We now have the manuscript for the Tagalog translation of John Piper’s book Coronavirus and Christ. In the few days it will be available for free download. Meanwhile, the Tagalog audiobook will start recording next week. Again keep us in your prayers.
Anyways, here’s some quotes from the booklet from a new series, How Do I Love Church Members With Different Politics? by Jonathan Leeman and Andy Naselli published by Crossway. If you like these quotes, please get the book by clicking here.
“Love those who differ with you by respecting them, not disdaining them. Don’t assume that anyone who is stricter than you is legalistic or that anyone who is freer than you is licentious. When you are convinced that a certain political strategy is just, you may be tempted to treat it as a matter of first importance, but that would be a grave mistake because it would imply that those who disagree with you on that issue cannot be Christians.”
“Too often we fail to realize how our political conversations as Christians should be different than the political conversations of non-Christians. Non-Christians can tell you exactly what they think. Christians can too, but the crucial difference is that Christians can also tell you—on some political topics—what God thinks.”
“The very existence of a local church, whose job is to mark who the Christians are on Planet Earth, requires us to have one set of criteria for whole-church issues and another set for everything else. It requires us to distinguish between straight-line and jagged-line judgments.”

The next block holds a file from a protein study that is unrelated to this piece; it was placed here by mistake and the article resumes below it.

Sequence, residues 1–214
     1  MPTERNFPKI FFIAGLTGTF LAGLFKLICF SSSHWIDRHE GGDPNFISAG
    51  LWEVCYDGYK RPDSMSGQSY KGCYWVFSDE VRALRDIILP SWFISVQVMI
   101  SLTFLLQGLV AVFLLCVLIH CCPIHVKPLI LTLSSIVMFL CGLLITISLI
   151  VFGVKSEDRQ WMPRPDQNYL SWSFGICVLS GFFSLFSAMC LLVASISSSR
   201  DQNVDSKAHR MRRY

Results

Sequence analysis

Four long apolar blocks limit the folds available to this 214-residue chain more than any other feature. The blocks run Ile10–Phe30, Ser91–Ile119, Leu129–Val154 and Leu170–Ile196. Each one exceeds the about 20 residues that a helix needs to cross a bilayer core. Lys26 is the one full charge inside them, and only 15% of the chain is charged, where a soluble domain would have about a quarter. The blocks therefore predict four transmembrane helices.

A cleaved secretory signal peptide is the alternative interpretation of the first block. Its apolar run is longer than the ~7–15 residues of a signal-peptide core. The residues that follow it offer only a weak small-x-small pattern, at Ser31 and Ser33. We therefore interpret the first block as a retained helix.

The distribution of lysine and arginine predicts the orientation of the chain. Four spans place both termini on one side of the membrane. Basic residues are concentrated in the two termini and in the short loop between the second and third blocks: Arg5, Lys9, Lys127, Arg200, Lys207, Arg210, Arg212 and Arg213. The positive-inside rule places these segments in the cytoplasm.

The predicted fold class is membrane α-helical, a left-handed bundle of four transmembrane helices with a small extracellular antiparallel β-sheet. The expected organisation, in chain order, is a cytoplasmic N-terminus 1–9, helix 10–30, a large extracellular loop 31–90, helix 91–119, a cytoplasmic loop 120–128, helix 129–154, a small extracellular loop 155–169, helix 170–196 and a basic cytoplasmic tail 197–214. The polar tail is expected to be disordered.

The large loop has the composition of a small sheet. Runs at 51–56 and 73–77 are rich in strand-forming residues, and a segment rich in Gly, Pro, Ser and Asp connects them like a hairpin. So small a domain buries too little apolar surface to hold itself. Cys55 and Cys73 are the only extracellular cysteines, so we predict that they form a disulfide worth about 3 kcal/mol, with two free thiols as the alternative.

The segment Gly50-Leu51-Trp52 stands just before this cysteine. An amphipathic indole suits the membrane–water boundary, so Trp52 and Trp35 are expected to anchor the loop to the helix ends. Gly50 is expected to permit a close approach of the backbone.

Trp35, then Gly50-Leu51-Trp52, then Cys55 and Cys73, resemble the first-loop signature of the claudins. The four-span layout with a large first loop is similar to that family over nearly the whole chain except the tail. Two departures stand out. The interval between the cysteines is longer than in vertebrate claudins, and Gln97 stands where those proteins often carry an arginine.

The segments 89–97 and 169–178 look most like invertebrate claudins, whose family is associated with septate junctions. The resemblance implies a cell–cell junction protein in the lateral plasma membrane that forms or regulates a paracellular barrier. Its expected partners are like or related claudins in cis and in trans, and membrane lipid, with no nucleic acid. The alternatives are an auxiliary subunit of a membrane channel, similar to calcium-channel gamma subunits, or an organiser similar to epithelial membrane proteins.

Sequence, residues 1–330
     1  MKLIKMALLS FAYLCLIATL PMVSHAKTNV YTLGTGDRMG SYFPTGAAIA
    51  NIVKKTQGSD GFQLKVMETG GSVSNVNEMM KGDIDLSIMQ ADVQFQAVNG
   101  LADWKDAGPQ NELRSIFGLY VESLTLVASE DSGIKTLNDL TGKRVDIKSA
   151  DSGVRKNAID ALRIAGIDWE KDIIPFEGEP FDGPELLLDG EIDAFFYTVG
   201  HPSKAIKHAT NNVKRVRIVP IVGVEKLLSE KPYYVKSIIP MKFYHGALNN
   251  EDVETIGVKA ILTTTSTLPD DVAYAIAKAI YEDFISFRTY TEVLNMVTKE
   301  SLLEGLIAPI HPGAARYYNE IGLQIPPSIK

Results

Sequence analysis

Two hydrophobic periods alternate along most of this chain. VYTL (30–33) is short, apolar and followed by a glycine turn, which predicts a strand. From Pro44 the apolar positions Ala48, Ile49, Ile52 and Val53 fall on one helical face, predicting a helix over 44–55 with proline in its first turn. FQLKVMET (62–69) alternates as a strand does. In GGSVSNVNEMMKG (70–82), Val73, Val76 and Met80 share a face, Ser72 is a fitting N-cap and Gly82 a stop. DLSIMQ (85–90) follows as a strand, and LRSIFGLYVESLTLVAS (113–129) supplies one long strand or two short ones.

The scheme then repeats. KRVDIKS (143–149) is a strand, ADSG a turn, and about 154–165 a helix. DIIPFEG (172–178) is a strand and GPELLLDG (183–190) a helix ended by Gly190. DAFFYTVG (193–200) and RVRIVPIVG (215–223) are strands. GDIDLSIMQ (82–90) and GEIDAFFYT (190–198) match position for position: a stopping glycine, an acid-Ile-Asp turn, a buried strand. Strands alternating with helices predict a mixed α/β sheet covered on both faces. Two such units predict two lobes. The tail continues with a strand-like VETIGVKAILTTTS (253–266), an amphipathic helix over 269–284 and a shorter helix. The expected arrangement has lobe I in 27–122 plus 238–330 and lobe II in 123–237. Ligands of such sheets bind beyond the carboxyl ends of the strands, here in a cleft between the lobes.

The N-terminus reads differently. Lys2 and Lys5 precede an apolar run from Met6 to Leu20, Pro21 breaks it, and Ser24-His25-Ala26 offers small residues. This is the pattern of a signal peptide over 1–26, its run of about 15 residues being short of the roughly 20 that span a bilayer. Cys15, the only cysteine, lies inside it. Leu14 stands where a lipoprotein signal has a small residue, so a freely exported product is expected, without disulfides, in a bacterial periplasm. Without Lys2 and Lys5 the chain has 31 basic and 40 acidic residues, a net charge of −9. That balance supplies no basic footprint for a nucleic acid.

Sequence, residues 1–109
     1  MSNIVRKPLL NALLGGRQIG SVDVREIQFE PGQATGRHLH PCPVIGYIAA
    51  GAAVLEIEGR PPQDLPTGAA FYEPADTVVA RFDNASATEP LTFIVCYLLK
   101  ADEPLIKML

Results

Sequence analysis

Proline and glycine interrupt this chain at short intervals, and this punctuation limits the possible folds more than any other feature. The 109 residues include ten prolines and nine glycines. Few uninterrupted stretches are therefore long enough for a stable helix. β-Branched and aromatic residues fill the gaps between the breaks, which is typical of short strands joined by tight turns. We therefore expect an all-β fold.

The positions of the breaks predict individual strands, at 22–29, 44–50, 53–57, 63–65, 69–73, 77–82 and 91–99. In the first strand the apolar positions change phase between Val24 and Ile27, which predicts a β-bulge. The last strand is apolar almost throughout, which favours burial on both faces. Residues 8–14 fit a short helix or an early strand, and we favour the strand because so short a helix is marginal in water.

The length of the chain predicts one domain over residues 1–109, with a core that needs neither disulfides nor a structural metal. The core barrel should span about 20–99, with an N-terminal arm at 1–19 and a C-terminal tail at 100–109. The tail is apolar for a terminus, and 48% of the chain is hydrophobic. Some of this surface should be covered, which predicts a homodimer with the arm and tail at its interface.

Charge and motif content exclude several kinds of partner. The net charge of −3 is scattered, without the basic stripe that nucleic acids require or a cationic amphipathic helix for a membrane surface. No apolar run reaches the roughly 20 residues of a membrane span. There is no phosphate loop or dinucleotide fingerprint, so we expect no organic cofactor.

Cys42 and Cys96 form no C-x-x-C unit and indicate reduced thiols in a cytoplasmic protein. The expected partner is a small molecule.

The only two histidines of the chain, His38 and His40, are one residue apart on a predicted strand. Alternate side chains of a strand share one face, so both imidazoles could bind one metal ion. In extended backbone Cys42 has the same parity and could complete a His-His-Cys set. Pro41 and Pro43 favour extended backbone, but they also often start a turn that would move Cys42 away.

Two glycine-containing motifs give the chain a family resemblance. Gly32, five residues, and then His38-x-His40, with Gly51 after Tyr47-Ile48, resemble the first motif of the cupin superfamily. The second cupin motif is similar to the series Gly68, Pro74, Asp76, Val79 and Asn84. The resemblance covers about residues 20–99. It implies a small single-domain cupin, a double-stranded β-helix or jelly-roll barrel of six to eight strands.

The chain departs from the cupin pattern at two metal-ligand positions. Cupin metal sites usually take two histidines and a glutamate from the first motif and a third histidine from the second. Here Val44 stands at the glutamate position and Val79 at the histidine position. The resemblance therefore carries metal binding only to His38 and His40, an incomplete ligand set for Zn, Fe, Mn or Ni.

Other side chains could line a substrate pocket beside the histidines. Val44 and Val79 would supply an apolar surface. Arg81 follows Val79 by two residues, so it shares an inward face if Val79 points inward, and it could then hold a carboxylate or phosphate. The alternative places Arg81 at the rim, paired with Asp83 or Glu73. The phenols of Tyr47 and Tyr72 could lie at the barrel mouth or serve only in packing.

“…we are saying you must keep this distinction between whole-church issues and Christian-freedom issues super clear in your mind when it comes to discussing politics. When Christians lose track of the distinction, they risk tearing apart a friendship, a small group, even a church.”
“Two Christians might agree on a biblical or theological principle but disagree on which policies, methods, tactics, or timing best uphold that principle. Why, then, are political disagreements so difficult? Because we lack wisdom!”
“Political judgments depend on figuring out how to apply our biblical and ethical principles to the vast and complex set of circumstances that surround every political decision. They account for social dynamics, legal precedents, political feasibility, historical factors, economic projections, ethnic tensions, criminal-justice considerations, and so much more.”
“…life and politics are not static, and with every passing day we need a fresh dose of wisdom because the political landscape keeps changing. Christians will have different opinions all along the way.”
“The gospel does not automatically resolve all our wisdom-based political judgments in the here and now. It helps us love and forbear with one another amid those different wisdom-based judgments. It creates unity amid diversity, not uniformity.”